Daily Archives: March 13, 2010

Book Launch: “Ordinary Courage” by Donna Mulhearn

Brisbane launch - Flyer for Donna Mulhearn 24 March 2010 (2)

Click to enlarge

This is one woman’s account of finding the ordinary courage to fulfil her purpose, no matter what the odds.
At the age of thirty-four, Donna Mulhearn had become disillusioned by her career as a journalist and political adviser and set off on a journey of self-discovery.

Then one day she heard something radical, a call to action that would change her life forever. A man on the radio was appealing for human shields in Iraq – volunteers to deter the ‘Coalition of the Willing’ from attacking Baghdad.
Donna was already against the war – she was a firm believer in the power of nonviolent action, and like many people she mistrusted Bush and Co’s motives for entering Iraq. She knew immediately what she had to do. Continue reading

Little sense on Middle East

This is a response to ‘Uncommon sense on Israel/Palestine from an interesting source’ on the blog, LarvatusProdeo.

I post it here because my reply seems to have been rejected on that site [It turns out they have now accepted my comment]. The Workers Liberty pamphlet the post refers to states:”A boycott movement against Israel would, once it took off, inevitably become a movement against “Zionists” in Britain. In practice that would mean: against Jews.”

Australian unionists meet with the Palestinian leadership of the BDS campaign (Boycott Israel) in Ramallah. BDS thinks it time for Australia to pull its weight in the anti apartheid struggle.

Australian unionists meet with the Palestinian leadership of the BDS campaign (Boycott Israel) in Ramallah. BDS thinks it time for Australia to pull its weight in the anti apartheid struggle. Australian unionists meet with the Palestinian leadership of the BDS campaign (Boycott Israel) in Ramallah. BDS thinks it time for Australia to pull its weight in the anti apartheid struggle. Photo: Phil Monsour, Union Aid Abroad (APHEDA) Tour, March 2010

This incorrectly equates Zionism with ‘being Jewish’. Yes, Zionism is the pursuit of the Promised Land for Jews solely, to the exclusion of others, but this can cause only conflict for Jewish people.
Nazism had the goal to create a homeland for the ‘Aryan race’ excluding Jewish people.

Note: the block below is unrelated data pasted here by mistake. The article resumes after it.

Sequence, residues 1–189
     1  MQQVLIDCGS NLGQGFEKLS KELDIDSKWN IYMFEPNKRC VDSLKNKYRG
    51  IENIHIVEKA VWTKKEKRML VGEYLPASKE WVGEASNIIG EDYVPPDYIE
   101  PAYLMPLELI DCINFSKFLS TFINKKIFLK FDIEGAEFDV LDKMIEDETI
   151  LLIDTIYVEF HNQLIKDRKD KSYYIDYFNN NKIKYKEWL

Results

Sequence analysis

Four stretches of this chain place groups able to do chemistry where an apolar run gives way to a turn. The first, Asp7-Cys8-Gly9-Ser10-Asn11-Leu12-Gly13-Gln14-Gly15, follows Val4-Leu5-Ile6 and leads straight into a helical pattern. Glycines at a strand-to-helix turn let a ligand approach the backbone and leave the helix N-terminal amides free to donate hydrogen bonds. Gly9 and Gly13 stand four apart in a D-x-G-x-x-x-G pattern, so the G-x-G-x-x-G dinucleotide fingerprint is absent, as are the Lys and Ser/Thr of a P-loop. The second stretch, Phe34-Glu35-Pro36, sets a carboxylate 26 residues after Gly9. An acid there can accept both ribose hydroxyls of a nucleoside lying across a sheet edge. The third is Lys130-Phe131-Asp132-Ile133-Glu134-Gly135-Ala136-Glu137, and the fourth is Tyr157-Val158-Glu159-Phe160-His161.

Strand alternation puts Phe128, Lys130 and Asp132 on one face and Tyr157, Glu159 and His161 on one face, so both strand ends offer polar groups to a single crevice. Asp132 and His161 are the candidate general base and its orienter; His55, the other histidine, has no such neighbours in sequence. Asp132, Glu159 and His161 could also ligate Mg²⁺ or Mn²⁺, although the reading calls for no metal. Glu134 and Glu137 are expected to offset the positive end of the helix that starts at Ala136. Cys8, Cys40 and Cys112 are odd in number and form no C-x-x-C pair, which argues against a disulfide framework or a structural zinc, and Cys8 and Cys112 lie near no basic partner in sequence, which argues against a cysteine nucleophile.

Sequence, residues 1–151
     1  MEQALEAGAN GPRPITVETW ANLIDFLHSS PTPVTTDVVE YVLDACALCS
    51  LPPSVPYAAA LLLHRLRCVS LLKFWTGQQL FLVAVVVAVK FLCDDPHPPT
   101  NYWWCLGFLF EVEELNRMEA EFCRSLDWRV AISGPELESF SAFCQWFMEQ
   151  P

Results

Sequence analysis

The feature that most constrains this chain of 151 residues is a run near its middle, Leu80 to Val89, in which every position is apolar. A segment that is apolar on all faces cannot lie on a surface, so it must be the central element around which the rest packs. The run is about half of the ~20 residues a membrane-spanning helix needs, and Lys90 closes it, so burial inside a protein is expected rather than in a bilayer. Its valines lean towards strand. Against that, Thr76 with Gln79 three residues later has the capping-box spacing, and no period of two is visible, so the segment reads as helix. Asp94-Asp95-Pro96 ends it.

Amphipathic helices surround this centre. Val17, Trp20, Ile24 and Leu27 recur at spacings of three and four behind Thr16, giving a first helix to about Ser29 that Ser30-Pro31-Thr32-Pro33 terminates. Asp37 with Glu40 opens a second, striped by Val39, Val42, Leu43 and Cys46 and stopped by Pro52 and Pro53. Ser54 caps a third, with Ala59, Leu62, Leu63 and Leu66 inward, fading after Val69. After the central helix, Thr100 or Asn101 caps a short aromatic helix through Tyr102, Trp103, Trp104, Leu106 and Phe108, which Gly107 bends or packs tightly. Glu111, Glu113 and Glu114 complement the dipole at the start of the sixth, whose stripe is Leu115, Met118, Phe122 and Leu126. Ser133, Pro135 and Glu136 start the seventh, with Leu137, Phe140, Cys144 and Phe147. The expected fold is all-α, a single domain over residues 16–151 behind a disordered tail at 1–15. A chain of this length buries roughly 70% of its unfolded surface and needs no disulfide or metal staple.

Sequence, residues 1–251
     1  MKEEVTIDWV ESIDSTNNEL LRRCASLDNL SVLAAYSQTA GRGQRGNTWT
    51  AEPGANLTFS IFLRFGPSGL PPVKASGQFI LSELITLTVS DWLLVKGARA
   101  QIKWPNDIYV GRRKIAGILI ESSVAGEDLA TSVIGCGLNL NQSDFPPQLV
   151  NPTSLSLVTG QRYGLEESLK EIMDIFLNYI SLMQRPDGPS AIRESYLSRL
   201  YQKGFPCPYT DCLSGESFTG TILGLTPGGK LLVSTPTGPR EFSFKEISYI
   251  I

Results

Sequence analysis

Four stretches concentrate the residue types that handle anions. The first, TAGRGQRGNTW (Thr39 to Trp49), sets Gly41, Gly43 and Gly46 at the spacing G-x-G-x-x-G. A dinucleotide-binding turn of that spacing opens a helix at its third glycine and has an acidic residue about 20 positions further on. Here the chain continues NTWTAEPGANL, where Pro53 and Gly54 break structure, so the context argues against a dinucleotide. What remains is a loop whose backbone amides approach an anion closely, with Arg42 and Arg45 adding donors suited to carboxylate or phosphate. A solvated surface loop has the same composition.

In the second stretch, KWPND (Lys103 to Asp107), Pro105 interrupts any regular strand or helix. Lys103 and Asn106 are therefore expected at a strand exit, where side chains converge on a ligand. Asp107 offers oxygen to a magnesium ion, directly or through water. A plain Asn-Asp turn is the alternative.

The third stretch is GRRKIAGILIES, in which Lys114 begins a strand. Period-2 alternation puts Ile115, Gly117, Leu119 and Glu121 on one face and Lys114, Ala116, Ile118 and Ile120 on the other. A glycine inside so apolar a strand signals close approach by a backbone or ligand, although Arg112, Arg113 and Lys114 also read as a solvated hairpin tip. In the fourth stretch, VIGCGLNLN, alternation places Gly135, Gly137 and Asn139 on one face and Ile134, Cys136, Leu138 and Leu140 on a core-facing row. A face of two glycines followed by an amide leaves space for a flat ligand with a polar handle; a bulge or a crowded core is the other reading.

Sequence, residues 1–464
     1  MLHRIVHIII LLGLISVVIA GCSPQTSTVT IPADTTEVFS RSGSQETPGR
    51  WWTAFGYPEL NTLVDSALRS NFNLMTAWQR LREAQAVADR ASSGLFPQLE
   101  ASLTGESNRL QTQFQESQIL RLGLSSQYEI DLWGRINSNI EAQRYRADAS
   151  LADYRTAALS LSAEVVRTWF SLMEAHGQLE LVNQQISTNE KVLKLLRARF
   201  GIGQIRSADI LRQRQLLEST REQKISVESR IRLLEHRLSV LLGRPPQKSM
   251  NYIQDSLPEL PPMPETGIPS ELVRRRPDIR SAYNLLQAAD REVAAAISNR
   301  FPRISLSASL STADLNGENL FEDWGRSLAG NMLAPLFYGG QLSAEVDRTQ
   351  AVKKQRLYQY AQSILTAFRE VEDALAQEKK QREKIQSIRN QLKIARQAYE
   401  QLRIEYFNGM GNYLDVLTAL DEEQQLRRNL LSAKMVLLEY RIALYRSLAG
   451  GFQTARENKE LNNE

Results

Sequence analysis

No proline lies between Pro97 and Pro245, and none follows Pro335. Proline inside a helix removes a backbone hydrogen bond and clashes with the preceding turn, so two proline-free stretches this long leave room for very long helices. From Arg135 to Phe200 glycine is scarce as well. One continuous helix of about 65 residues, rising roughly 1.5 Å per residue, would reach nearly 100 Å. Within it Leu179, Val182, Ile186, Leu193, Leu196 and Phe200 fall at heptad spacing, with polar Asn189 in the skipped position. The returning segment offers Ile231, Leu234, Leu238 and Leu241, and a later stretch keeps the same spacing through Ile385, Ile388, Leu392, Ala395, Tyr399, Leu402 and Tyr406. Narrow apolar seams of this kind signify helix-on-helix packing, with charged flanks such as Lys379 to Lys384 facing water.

Europeans supported the colonisation of Israel by Jewish exiles from Europe because of their guilt over the holocaust. Apartheid in South Africa sought dominance over black people thus seeking a similar objective.

Israel like South Africa and Australia are settler societies based on the colonialist model.
Australia implemented its own apartheid under the White Australia legislation and the Queensland Acts.

Israel pursues the settler model to this day and rejects Palestinian rights to the lands of their forefathers.

Most of the arguments and comments on ‘Uncommon sense on Israel/Palestine from an interesting source’ still centre around the assumption that a two state solution is possible. Yet US vicepresident Joe Biden’s attempt to broker a two state solution this week (12 Mar 2010) was met with Israeli PM, Netanyahu, announcing even more settlements in east Jerusalem.

A settler state in the 21st century, still!

The Workers Liberty document incorrectly equates Zionism with Judaism and therefore misunderstands the cause of the conflict. The conflict is political and economic not religious. As if proof is required, many devout Jews are anti-Zionist.

In the discussion of an economic boycott, neither Lavartus Prodeo nor its commentators even mention the significant economic effect that a Palestinian boycott would have on Israel’s economy.

I do not know if the boycott movement that is growing strong in France, Germany and Britain will stop the settlements being built, but if you think the Left’s support of a boycott against Israel is anti-Semitic, you are mistaken.

A secular multicultural state that ends the occupation of Palestinian lands seems to be the only hope of peace for Palestinian and Jew alike.

Ian Curr
March 2010

Reference:

Zionism Laid Bare
by Kathleen Christison
The Lemon Tree
A two-state-solution?